Lesser mouse-tailed bats (Rhinopoma hardwickii) range from as far east as Thailand westward through Burma, India, Pakistan, and Iran. They can also be found in the African Sahara mostly north of 15°N, but have been known to occupy as far south as Kenya. (Benda, et al., 2010; Benda, et al., 2004a; Qumsiyeh and Knox Jones Jr, 1986)
Lesser mouse-tailed bats inhabit deserts and semi-deserts where roosts and food are available. Within these climates they are generally found in grasslands and oases (Benda, Aulagnier, and Palmeirim, 2010), but can occasionally be found in gardens and orchards (Benda et al., 2004). Their roosts consist of dry caves, houses, pyramids, underground tunnels, and wells. In summer months, they roost in small crevices, fissures, or between boulders (Benda, Aulagnier, and Palmeirim, 2010). (Benda, et al., 2004b; Benda, et al., 2010; Davis, 2007)
Lesser mouse-tailed bats get their common name from their slender, long, free tail. The total body length ranges from 119 to 141 mm and the tail makes up approximately 57 to 70 mm of that. The hindfoot, ear, and forearm length measure 12 to 15 mm, 18 to 21 mm, and 52.4 to 60 mm respectively. (Qumsiyeh and Knox Jones Jr, 1986)
The skull of lesser mouse-tailed bats are short with 28 teeth and a dental formula of 1/2, 1/1, 1/2, 3/3. The skull is widest at the squamosal region of the zygomatic arch. Other distinguishing features of the skull include the loose tympanic bone and an inflated lacrimal region. (Qumsiyeh and Knox Jones Jr, 1986)
Lesser mouse-tailed bats are small, with tails generally longer than their forearms. Their backs are greyish brown to dark brown in color with pale undersides. The snouts have a small triangular noseleaf and their tragi are well developed. They have large rhomboidal pinna that are connected across the forehead and there are 10 transverse ridges that cross the ear. The uropatagium of lesser mouse-tailed bats are small and only enclose less than one quarter of the tail. (Davis, 2007; Qumsiyeh and Knox Jones Jr, 1986)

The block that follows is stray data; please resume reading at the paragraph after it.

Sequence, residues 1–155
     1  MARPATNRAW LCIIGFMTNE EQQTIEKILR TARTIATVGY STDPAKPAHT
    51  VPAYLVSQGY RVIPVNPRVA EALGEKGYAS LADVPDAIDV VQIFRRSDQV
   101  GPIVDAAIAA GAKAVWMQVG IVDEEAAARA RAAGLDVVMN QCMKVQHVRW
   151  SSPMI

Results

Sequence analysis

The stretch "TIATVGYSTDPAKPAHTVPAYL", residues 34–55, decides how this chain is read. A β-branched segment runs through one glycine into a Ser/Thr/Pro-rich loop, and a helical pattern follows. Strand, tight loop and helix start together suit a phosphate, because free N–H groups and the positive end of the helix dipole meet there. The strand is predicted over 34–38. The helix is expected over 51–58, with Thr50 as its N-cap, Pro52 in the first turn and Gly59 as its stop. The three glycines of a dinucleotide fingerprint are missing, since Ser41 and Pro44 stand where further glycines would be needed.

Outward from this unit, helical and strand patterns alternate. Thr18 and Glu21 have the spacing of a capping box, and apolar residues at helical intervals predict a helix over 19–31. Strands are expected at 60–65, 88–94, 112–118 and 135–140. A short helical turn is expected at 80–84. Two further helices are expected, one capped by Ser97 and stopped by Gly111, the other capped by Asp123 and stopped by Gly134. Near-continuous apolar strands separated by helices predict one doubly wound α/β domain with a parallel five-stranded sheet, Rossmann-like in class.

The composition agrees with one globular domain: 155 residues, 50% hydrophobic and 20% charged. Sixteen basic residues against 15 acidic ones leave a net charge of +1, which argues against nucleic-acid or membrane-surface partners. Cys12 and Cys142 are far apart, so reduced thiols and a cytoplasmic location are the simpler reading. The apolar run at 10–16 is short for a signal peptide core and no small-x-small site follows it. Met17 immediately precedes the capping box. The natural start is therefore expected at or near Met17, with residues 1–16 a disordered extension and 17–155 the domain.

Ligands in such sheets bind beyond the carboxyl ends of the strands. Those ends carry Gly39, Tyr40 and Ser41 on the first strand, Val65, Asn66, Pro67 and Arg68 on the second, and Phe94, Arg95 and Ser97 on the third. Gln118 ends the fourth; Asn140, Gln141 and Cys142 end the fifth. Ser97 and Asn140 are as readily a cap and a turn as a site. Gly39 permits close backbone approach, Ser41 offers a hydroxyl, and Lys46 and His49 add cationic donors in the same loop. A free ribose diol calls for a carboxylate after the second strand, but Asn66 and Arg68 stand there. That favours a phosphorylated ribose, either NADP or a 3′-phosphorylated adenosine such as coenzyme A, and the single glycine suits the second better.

Little is known of the mating systems of lesser mouse-tailed bats.
Although little is known about lesser mouse-tailed bat reproductive biology, they have a defined annual reproductive cycle. Insemination occurs between February and April, although ovulation does not occur until mid-March. Gestation lasts about 95 to 100 days and young are born between the second week of June and the end of July. Lactation lasts up to 20 days, during which time lactating females are segregated from the group. (Karim and Banerjee, 1989; Karim and Fazil, 1987; Whitaker Jr. and Yom-Tov, 2002)
Male lesser mouse-tailed bats take much longer than females to reach sexual maturity. Females become sexually mature between 8.5 to 9 months of age, whereas males do not become sexually mature until 16 to 17 months. (Karim and Fazil, 1987)
Little is known about the parental investment of lesser mouse-tailed bats.
Little is known of the lifespan and longevity of lesser mouse-tailed bats.
Lesser mouse-tailed bats are active year round and use stored abdominal fats during the winter (Whitaker Jr. and Yom-Tov, 2002). Lesser mouse-tailed bats are adapted to withstand extremely hot, arid conditions as well as low humidity (Davis, 2007). (Davis, 2007; Whitaker Jr. and Yom-Tov, 2002)
Lesser mouse-tailed bats have been found roosting in small groups ranging from 4 to 10 individuals (Davis, 2007) to large colonies composed of up to 500 individuals (Benda, Aulagnier, and Palmeirim, 2010). Sexual segregation may occur and is generally directed towards lactating females (Karim and Fazil, 1987). (Benda, et al., 2010; Davis, 2007; Karim and Fazil, 1987)
Lesser mouse-tailed bat flight patterns consist of alternating flutters and glides. This gives the appearance that they are rising and falling, so that from a distance, they may be mistaken for a small bird (Whitaker Jr. and Yom-Tov, 2002). (Whitaker Jr. and Yom-Tov, 2002)
Little is known about the ranging behavior of lesser mouse-tailed bats.